This Week In 90’s Wrestling: April 5th – April 11th



The WWF aired Wrestlemania VIII live on pay-per-view from the Hoosier Dome in Indianapolis, IN, in front of 62,167 fans who paid for their tickets, along with another 15,000 who were let in for free. This show was in many ways the end of a golden era, as Hulk Hogan wrestled his last match in the WWF for one year when he faced Sid Justice and the WWF’s popularity would take a major downturn in the coming months. The Ultimate Warrior made a save when Sid and Papa Shango were double-teaming Hogan, returning to the company after an eight-month absence in an attempt to soften the blow of losing Hogan for the foreseeable future. The Hulkster’s name had been tarnished through the ongoing steroid scandal and Vince McMahon felt that he needed some time away until the issue was calmed. The entrance aisle for this event was especially long, which caused Papa Shango to hit the ring late for his run-in and forcing Sid to kick out of Hogan’s legdrop, which many fans often thought was a shoot, even though it was not. Because of the long aisle, Warrior was also blown up by the time he hit the ring to make the save. In the co-main event, Randy Savage defeated Ric Flair in a ***1/2 match to win his second WWF World Title. Flair bladed during the match and received a strong tongue-lashing from Vince McMahon as a result. Also on the show, Bret Hart regained the WWF Intercontinental Title, defeating Roddy Piper in a ***3/4 match with an outstanding finish. The show was also notable for marking the first-ever WWF appearance of Lex Luger, who would be promoted not as a wrestler, but as a bodybuilder in Vince McMahon’s World Bodybuilding Federation. The show did just shy of 485,000 buys, and you can watch it on the WWE Network.

ECW aired its first-ever television show, which looked nearly unrecognizable compared to what the promotion would become with time. Stevie Wonderful and Jay Sulli were the hosts and the show kicked off with an altercation between Terry Funk and Eddie Gilbert to begin the build to ECW’s first major match. Also on the show, a hilarious music video aired of The Sandman in his initial surfer gimmick, to the tune of Billy Joel’s “Big Shot”.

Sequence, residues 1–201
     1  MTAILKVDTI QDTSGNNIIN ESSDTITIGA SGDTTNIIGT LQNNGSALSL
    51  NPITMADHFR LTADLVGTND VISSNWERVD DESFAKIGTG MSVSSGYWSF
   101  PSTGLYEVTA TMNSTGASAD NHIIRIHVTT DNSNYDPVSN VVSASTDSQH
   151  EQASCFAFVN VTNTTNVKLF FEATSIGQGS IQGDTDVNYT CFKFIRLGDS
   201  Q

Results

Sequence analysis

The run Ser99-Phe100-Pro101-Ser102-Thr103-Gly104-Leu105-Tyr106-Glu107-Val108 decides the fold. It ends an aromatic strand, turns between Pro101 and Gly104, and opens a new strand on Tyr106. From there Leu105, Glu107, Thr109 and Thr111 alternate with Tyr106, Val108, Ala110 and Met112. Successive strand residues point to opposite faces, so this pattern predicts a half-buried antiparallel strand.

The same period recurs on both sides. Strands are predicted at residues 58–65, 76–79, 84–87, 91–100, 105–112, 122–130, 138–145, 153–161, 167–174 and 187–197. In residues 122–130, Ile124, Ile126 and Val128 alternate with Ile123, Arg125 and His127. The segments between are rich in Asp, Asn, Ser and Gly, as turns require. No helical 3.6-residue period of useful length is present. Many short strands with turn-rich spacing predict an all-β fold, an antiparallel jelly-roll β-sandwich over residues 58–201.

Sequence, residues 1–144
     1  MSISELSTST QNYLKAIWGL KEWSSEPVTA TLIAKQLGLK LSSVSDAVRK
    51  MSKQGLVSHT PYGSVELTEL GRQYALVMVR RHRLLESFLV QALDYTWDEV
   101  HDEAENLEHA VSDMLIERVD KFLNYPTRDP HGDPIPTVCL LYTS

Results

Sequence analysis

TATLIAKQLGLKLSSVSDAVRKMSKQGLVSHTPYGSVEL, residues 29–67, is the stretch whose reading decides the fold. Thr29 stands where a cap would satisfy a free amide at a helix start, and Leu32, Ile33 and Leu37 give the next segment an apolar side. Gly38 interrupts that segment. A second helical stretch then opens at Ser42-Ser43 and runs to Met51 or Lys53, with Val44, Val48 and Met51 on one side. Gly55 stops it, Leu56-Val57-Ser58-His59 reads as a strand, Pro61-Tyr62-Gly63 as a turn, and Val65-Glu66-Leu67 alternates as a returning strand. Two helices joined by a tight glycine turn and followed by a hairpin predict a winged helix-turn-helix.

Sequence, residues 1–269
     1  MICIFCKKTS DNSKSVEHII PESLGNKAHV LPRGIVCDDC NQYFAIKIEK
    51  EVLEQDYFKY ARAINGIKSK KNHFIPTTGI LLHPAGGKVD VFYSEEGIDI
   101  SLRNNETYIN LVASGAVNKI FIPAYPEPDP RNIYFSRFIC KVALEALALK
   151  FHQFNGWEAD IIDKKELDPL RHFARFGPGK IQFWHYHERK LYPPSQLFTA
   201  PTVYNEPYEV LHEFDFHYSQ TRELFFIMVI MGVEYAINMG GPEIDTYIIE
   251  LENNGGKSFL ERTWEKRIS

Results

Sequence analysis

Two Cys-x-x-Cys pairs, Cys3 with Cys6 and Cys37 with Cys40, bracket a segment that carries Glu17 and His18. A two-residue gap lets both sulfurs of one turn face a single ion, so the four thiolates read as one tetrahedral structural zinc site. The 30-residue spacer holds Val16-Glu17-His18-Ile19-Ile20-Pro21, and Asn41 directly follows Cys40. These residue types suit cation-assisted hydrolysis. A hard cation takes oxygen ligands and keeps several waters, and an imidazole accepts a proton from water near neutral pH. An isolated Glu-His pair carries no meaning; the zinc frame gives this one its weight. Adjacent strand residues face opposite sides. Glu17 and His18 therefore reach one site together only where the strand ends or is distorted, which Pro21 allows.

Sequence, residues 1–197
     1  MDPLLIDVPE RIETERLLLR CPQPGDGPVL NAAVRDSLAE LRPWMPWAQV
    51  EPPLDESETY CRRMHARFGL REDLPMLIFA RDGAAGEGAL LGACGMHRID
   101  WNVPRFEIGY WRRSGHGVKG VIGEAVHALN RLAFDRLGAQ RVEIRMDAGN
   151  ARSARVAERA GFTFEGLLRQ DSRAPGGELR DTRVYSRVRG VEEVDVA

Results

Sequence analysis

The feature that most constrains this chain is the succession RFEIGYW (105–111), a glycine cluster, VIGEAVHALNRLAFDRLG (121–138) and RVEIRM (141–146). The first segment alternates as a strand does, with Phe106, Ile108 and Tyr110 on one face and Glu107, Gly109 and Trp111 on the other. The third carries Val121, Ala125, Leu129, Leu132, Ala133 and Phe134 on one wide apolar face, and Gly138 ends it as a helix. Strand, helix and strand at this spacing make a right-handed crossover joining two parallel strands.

New Japan Pro Wrestling held a card at Korakuen Hall in Tokyo that included a cameo from many of Michinoku Pro’s top wrestlers, as Jushin Liger teamed with Gran Hamada and El Samurai to face Shinjiro Otani, Koji Kanemoto and Taka Michinoku in a ***1/4 match. The New Japan juniors were expected to do an extended interpromotional feud with the wrestlers of Michinoku Pro, but the plans fell apart.

WCW Monday Nitro aired live from the MGM Grand in Las Vegas, NV. In an attempt to freshen up the show, Nitro debuted a new set design, which Eric Bischoff strangely thought would deliver a 7.0 rating. The show was promoted in classic WCW fashion, as they took out an ad in USA Today that featured the new logo above the phrase “Looks Like Something A Bird Left On The Hood Of My Car”. While Bischoff’s predictions were a bit delusional, the show still drew a 4.3 rating, which was a big increase over the previous week’s 3.5. Meanwhile, on Monday Night RAW, the unlikely duo of Kane and X-Pac became WWF World Tag Team Champions, defeating Owen Hart and Jeff Jarrett. To conclude the show, Steve Austin and the Big Show destroyed the Titantron, as the WWF would also be upgrading their set in the near future. This episode of RAW drew a 5.8 rating, a healthy victory over the “new” Nitro.